To Be Famous Versus To Be Seen

 In Branding, Business Artistry, Collaboration

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The Fleeting Clap

You could make a long list of celebrities who attained fame and then wished to flee from it as if fame were pursuing them instead of the other way around. Fame can be the siren’s song that lures you into thinking you need heaps of applause and accolades to feel good about your work in the world. It is the veneer reflection of good work.

Chase after applause, and you measure success and contentment by how many and how loud. When the clapping stops, you leave yourself wide open to a chasm of disappointment or worse.

Here’s an interesting thing: When you chase after applause, you’re in such a hurry to gauge other people’s surface responses that you overlook the very thing that brings you abiding joy – the challenges of honing a craft, building an endeavor, improving a skill set, learning to do something brand new, and making something that in turn changes the way people think or feel or act.

It’s tough to resist this lure of instant mini-fame. It’s especially tough in a time when programmers who make apps and social media platforms know how to tap into our base needs for instant gratification. Like, Like, Like, Like.

We don’t need fame to thrive. We don’t need millions of people throwing accolades our way for our art or business or endeavor to make an impact and to make a return. 

To Be Seen

What many entrepreneurs and makers are really after is right recognition. Recognition at its best is to be seen again at our best.

One of our greatest needs as human beings of all ages and in all fields is for the best in us to be seen by someone we trust. For that person to share a vision of that best self’s possibility. 

Fame is a fleeting reflection of what we think we want from an anonymous mass. Real recognition is an abiding mirroring back from one human being to another.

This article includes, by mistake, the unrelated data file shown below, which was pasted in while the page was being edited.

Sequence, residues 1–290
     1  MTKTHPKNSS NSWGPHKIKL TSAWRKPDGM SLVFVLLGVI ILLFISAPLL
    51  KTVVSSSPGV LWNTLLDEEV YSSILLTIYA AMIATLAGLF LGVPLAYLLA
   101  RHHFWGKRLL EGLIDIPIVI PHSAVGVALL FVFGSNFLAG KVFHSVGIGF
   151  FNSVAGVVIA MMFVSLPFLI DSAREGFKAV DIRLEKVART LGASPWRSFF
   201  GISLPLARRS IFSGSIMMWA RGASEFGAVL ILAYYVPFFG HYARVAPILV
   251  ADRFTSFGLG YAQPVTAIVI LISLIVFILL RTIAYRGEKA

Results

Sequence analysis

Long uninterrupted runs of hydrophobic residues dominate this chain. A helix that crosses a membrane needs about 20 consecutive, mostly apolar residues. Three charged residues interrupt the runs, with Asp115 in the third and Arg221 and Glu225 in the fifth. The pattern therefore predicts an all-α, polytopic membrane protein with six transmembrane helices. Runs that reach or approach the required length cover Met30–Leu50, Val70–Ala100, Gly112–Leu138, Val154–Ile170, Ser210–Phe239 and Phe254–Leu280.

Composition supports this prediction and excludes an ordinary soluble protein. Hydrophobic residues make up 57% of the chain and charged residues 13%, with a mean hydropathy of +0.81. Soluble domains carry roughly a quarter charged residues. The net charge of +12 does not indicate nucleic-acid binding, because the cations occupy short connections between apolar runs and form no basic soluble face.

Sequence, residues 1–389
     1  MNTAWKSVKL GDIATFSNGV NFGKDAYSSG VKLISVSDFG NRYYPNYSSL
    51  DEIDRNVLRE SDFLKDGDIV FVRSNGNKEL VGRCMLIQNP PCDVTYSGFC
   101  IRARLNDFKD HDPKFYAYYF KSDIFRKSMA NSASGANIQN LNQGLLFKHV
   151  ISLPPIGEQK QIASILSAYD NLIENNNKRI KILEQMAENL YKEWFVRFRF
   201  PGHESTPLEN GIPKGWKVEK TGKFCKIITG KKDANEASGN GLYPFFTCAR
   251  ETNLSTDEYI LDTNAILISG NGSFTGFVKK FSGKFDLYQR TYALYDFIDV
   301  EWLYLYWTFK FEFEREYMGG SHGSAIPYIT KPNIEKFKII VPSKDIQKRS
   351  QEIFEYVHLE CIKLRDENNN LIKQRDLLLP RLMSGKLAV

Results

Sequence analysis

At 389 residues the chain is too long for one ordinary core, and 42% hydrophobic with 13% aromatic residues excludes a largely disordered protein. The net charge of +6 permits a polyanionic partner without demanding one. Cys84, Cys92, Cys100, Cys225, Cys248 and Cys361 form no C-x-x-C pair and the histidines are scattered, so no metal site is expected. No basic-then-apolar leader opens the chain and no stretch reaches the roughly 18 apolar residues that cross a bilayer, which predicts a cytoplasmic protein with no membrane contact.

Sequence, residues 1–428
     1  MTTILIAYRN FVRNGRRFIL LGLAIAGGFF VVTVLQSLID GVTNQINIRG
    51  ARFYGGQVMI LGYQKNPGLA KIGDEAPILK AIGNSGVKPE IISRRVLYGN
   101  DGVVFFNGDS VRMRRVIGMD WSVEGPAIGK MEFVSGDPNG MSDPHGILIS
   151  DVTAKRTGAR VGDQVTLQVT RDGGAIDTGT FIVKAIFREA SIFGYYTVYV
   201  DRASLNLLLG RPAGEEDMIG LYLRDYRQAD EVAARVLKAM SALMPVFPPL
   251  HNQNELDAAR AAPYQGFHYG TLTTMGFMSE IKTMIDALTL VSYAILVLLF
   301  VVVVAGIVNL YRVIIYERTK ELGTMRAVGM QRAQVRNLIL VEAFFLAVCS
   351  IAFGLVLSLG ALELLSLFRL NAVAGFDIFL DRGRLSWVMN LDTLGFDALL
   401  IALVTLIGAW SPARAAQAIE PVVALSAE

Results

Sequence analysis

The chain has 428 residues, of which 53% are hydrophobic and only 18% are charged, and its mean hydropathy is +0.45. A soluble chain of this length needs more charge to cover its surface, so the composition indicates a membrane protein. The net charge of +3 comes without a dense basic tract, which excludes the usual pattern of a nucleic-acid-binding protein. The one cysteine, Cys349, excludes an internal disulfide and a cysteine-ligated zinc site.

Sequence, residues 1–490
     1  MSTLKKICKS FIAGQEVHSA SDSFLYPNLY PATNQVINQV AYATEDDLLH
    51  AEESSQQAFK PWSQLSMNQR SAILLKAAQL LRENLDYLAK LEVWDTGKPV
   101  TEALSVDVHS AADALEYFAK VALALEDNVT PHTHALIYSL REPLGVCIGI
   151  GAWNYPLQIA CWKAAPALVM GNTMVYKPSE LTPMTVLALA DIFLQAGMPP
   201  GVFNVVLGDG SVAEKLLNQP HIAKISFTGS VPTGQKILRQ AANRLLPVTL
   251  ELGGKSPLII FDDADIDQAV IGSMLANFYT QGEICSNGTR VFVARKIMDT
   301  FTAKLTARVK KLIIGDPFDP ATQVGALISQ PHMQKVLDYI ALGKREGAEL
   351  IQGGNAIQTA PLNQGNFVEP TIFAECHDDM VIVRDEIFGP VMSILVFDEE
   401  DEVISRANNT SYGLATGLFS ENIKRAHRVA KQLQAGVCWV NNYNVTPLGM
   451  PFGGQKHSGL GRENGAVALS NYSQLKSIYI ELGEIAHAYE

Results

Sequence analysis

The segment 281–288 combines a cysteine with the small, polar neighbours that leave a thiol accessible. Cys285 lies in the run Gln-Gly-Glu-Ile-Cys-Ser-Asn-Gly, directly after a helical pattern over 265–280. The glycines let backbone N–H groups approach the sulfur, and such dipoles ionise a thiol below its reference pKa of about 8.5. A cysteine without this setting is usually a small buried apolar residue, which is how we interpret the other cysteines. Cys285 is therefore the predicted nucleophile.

A beloved client and Tracking Wonder enthusiast sent me a note that linked to this blog post by the ever-spot-on Seth Godin. Her note said, “I read this and thought of you because this is so YOU!” (See if you see yourself or someone you know in it):

The copy editor will fix a misstated fact, spot a typo and get your prose clean.

The line editor will rearrange a paragraph and help you organize a thought more clearly.

And the editor who is your partner will tell you that the chapters are in the wrong order, that you must delete a third of what you wrote, or perhaps consider writing for TV instead. This kind of editor is the one who will tell you your time is better spent doing something else entirely.

It’s easier (but not easy) to find a good copy editor than it is to find someone generous and brave enough to help you figure out your strategy, whether you’re working on a book, a career or the structure of your next project.

The copy editor can tell you that you mangled a few facts early in your presentation. The line editor will help you untangle a complicated story near the middle. And your strategic editor will help you see that a one-on-one meeting would have been better than a presentation in the first place.

Sure, fix my typos, thanks a lot, but what’s truly precious is someone able to fix your plan.

Worth noting that most critics and journalists are comfortable being metaphorical copy editors, but it’s rare you find someone who speaks up with sensible thoughts about your strategy.

Treasure the folks willing and able to develop a point of view about the big picture.

 

My client gave me a gift in mirroring back what she sees in me.

It is rare to find “someone generous and brave enough to help you figure out your strategy, whether you’re working on a career or the structure of your next project.” I’ve searched for them and found 2 or 3 such people whom I hold close and dear.

Talent agents help you chase fame. Mentors help you enact your best vision to last. (Click to Tweet if this resonates. Thanks!)

Which one do you need?

Questions to consider:

  • Who holds the big picture of your next endeavor and of the best in you this year?
  • What would it feel like to have someone you trust do that – especially if you are someone who tends to hold the big picture for others?
  • What would it be worth to you to have someone on your side who’s adept, skilled, bright, and compassionate to co-create a customized map for you so you can advance your branding or re-branding efforts, expand your influence, and up your impact?

Maybe it’s hard to reach out for help. But maybe it’s much more complicated to continue trying to figure out everything on your own.

Maybe it’s time to let the DIY stage pass before your time to create what matters does.

 

Thanks for running with me,

Jeffrey

 

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